It’s bizarre that until recently skincare was an area of my life in which I’ve never taken an evidence-based approach. Over the years, I’ve bought countless cleansers, toners, moisturisers, creams, and serums, but never scrutinised the ingredients list to see if the products are capable of achieving the improvements that the marketing promises to deliver. It was only when I came across a (supposedly luxury) product that didn’t display an ingredients list (suspicious) that I realised that even if there had been a list, I wouldn’t have the foggiest on how to interpret it anyway.
Like many of my peers, I’ve chosen to use many products based on the recommendations of social media influencers. Though online communities can provide phenomenal resources for many aspects of beauty and skincare, it’s important to remember that this is also a world riddled with undeclared corporate sponsorships and affiliate links, often peddled by people who won the dermatologic lottery at birth. It’s important - especially if you have sensitive skin - to know how to tell apart quality from quackery.
It’s so tempting and much easier to just believe the myths, to let your vulnerabilities succumb to the advertorial language of improvement. Better, brighter, clearer, dewier… all available at a price point that easily costs more than half your rent. Based on the prices of many products, you’d think that some of the ingredients are harvested on the moon.
But for those of us looking for specific results, or for those who just want to make sure that what we buy is actually formulated to care for our skin, there’s an entire body of science behind effective skincare. It’s a mix of chemistry, pharmacology, and human physiology, and raises lots of questions like: what balance of humectants, emollients, and/or occlusives do your moisturising products contain? What pH range does an ingredient need to be in order to function properly? What other factors affect the efficacy of various active and inactive ingredients?
A few months ago, Taylor Behnke posted a video about her own journey learning about cosmetic chemistry and her frustration when people ask why more girls aren’t interested in STEM subjects. “...they are [interested],” says Behnke. “...you just don’t think that the kinds of science that they’re engaging with already in their everyday lives are science – because girls like them.”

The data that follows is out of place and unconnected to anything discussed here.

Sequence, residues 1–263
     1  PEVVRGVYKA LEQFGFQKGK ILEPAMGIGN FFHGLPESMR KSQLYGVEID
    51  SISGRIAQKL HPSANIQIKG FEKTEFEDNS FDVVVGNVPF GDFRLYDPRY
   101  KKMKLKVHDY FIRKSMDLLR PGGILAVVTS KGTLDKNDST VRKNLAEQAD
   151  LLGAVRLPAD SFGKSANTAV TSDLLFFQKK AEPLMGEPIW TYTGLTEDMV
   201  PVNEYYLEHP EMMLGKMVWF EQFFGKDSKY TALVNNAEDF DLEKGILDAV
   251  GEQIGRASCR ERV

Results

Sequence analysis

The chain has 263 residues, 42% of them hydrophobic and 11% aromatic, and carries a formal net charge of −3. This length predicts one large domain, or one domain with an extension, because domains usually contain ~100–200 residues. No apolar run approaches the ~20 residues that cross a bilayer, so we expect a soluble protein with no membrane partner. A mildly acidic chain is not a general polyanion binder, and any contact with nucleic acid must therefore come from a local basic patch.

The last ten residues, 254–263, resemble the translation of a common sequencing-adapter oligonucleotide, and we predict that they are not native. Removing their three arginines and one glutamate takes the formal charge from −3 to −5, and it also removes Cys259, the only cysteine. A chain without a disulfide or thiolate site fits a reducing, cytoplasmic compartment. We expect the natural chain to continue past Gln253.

Outside the walls of her high school science classes, Behnke discovered an entire community of people who “want to know what the shit they’re putting on their face.” People who are fed up with dubious marketing and just want to know if the ingredients in the products they’re applying have peer-reviewed scientific research backing up their efficacy, are formulated at the appropriate concentrations, and are “stabilised and packaged correctly so that they still work by the time that we get them home from the store, into our bathroom cabinet, and onto our face two months later.”
Our skin is our largest and most visible organ - the one with which everybody develops some form of ritual over their lifetime. As Vanessa Crofskey writes in her essay Picking at the Surface, skincare “can be an affirming and enabling ritual of identity”.
It’s the weak spots in this relationship between skincare and self-concept that the billion-dollar beauty industry targets for profit. So while it doesn’t matter whether your skincare routine consists of a minimalist face-wash-and-moisturiser combo or an elaborate multi-step regime, it does matter that you don’t take the marketing at face value. The science may seem daunting at first. But there are some great cosmetic chemistry communicators striving to make it possible for us to be empowered consumers who leave empty promises to expire on store shelves.
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